10, which is a contentious one, namely on choice of the applicable
law. You could have a case which was an English-French case, where
those were the two laws involved, and for some reason the parties
were perfectly content to choose the law of New York. Article
2 would make that work and would be perfectly proper, in my view,
in making that work. If you had this case where it was entirely
an intra-Community case but the law to be applied was, for some
reason, a non-contested reason, the law of a non-Community state,
I would regard that as perfectly acceptable. The other facet of
Article 2, though I think we might argue whether it is an issue
for Article 2 or Article 1, is, if you like, the scope and the
competence argument. I see no case for, and a good case against,
the imposition of universal rules through this Regulation, which
cannot properly be, argued to relate to the function of the internal
market. I do not accept that any of it does, but, as you say,
if it did, I do not believe that it is necessarily the case with
a tort claim whose connections are entirely extraneous to the
market. I think actually it is very important that that pass is
not sold, because this situation is very un-internal market. If
the argument is accepted that it is internal market enough for
the vires of the Regulation, and then it is accepted that there
is no external competence for a Member State in a case like this,
what other case is there where that argument could be run? I think,
in the case of contract, the internal market argument is strong.
I think, in terms of the functioning of the internal market, the
argument there is strong. In quasi-contract and restitution it
is halfway; it is marginal; it depends which side you push it.
I think, in this case, i.e. tort, it is weak, and therefore if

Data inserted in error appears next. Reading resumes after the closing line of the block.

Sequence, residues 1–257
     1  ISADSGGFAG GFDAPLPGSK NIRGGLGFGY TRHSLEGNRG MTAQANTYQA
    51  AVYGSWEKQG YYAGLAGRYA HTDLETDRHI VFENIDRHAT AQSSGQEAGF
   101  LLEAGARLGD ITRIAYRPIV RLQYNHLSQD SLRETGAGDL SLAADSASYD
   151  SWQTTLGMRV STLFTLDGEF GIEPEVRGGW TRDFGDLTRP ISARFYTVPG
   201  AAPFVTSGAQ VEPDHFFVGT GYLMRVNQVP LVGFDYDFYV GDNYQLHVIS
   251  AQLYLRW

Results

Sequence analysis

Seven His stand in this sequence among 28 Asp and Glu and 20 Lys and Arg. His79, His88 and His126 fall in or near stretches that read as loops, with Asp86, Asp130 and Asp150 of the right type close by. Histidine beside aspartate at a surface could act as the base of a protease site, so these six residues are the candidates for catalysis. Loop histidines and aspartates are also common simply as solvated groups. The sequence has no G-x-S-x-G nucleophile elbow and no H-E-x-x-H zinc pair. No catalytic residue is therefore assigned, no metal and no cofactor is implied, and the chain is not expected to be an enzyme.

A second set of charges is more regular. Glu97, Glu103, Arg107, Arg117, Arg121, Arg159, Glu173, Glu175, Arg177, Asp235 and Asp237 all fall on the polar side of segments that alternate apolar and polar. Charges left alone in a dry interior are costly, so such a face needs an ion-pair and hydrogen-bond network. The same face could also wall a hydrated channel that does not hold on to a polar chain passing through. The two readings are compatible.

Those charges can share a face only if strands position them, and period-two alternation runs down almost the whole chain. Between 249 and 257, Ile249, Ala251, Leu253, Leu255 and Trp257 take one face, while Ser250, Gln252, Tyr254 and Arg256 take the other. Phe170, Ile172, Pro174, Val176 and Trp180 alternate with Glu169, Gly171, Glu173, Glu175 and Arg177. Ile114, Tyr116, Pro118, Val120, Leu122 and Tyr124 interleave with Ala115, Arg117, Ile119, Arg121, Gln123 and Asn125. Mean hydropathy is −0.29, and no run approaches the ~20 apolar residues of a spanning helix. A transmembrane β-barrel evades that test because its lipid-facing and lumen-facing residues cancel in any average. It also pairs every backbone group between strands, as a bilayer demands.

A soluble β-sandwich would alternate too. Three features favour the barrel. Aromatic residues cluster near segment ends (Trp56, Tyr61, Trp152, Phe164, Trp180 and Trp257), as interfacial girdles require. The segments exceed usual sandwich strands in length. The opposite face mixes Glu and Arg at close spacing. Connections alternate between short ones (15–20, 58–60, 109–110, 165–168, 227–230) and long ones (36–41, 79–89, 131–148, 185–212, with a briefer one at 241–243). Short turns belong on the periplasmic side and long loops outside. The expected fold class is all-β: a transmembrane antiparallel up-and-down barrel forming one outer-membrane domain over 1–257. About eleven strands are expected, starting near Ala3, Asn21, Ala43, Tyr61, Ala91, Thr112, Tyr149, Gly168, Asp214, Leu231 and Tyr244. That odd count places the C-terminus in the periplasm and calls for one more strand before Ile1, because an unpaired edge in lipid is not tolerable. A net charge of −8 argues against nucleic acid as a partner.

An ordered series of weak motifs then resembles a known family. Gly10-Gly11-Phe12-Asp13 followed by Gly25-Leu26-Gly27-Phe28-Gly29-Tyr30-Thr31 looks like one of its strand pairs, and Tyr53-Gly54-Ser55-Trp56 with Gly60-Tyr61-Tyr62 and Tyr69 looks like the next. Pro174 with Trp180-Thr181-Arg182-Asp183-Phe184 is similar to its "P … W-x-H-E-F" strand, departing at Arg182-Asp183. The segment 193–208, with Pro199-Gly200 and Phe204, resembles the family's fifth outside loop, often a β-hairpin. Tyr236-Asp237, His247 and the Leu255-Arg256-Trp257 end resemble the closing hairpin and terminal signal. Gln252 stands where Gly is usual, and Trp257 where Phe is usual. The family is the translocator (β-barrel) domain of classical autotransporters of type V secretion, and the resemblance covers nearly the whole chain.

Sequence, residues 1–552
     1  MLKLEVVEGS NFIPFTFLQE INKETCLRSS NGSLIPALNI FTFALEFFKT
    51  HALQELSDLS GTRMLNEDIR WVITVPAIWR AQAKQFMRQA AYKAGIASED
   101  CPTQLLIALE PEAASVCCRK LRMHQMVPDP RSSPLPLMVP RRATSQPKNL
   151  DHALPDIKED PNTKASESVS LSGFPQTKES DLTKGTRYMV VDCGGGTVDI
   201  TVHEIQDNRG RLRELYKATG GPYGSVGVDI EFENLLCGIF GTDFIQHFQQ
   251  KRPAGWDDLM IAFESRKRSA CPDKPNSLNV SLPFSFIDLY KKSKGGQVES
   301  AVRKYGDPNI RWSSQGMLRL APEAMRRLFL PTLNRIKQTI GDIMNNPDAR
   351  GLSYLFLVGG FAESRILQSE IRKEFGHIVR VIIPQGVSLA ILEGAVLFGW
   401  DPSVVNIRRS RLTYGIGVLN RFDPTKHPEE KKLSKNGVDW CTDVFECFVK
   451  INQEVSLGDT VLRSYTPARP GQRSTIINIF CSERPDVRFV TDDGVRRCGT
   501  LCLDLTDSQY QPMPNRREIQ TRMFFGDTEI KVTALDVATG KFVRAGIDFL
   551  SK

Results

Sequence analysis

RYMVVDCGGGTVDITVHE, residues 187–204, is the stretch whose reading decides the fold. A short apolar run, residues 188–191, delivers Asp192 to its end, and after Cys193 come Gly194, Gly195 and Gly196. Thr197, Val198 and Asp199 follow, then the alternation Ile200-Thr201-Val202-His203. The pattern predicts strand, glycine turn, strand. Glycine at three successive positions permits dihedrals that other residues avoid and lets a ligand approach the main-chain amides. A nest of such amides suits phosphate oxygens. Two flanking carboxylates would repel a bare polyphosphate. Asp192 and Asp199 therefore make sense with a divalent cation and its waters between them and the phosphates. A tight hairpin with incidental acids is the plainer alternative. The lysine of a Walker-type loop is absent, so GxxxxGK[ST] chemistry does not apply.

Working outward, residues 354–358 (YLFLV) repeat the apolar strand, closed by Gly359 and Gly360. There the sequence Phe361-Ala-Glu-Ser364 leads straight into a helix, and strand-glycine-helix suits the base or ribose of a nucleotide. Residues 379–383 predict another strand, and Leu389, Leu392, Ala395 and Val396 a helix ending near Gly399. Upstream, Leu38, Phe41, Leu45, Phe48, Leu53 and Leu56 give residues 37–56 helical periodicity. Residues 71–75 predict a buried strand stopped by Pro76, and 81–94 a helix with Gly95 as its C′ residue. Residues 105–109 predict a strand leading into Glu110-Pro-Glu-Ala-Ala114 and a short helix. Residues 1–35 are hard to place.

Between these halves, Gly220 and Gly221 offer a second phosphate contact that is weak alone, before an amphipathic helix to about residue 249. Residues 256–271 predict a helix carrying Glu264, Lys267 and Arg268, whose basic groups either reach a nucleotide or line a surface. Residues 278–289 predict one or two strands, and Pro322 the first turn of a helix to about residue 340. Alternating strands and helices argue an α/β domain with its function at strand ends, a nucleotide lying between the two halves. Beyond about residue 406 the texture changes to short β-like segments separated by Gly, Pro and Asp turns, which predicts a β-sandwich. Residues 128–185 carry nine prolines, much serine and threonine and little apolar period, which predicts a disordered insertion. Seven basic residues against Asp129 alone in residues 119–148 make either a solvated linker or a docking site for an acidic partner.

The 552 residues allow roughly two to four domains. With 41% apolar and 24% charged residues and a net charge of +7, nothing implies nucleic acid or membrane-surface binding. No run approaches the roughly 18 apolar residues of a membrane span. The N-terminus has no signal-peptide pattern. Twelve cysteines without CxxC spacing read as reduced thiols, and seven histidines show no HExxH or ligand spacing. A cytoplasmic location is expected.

this provision were to be implemented it seems to me that the
sovereignty of Parliament to determine what our rules are for
worldwide cases ought to be preserved. It may well be, that having
been preserved, we decide that we ought to have the same rules,
but that is our choice, not an imposition as here. For example,
if you take the Brussels Convention on Jurisdiction, that preceded
the Brussels Regulation, England and Wales said "We're going
to keep what was the Order 11 rules on service out of the Jurisdiction
for non-Convention cases," Scotland did not. Scotland said,
"We'll apply the Convention worldwide." That was a freedom
left to the United Kingdom Parliament to give Scotland the power
to do this. So here I think it would be important that, if there
were a Regulation on Rome II, it was confined within the proper
confines of the vires from Article 65 and then a decision was
taken as to whether we chose, or not, to apply those rules to
the wider world.
Q96 Chairman: Yes, I think it could be a
difficult decision to see what part of this would be within the
competence of Article 65, but that is another issue.
Sir Peter North: That is my starting-point.
Q97 Chairman: The other point about universality
is that universality is not written into Rome I, is it?
Sir Peter North: It is not written in, we have
done it, and that is my point.
Q98 Chairman: We have done it because we
wanted to do it?
Sir Peter North: Yes. Of course, one has to
realise that Rome I came into being under a very different regime;
it did not fall, even 20 years ago, under the law-making powers
of the Community. It was a Convention agreed by the nine Member
States, as it was then, in their sovereign right to have this
Convention. There was a consideration as to whether it should
be brought within the jurisdiction of the European Court of Justice
and it never was. It is a very early piece of Community law-making
and it is a route down which I do not think the Commission would
wish to go today.
Q99 Chairman: An early piece of harmonisation?
Sir Peter North: Yes.